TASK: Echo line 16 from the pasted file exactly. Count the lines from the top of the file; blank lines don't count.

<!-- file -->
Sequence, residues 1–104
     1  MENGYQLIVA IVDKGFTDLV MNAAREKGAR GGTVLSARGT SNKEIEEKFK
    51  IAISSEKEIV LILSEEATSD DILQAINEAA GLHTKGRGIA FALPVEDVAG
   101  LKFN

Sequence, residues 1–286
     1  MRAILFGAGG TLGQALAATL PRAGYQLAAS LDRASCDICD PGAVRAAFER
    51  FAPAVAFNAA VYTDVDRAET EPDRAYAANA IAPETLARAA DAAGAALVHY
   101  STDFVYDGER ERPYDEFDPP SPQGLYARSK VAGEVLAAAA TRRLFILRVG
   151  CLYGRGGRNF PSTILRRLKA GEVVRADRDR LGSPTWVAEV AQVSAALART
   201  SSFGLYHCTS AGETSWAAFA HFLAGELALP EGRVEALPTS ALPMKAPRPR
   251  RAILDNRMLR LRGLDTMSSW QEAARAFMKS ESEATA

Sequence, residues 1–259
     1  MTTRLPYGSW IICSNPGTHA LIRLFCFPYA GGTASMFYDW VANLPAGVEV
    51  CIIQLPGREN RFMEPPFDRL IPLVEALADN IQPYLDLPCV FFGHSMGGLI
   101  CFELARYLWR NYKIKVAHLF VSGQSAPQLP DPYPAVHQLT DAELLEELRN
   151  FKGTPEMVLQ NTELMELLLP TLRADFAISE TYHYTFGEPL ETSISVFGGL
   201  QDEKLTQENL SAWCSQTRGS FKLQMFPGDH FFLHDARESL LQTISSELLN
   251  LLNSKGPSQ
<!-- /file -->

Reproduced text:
   151  FKGTPEMVLQ NTELMELLLP TLRADFAISE TYHYTFGEPL ETSISVFGGL